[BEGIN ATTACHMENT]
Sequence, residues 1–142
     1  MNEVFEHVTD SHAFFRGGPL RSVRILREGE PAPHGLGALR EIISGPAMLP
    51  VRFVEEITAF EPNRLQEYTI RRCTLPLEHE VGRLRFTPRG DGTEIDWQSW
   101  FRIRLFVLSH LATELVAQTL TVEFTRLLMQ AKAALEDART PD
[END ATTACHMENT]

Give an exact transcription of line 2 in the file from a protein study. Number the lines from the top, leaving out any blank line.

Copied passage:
     1  MNEVFEHVTD SHAFFRGGPL RSVRILREGE PAPHGLGALR EIISGPAMLP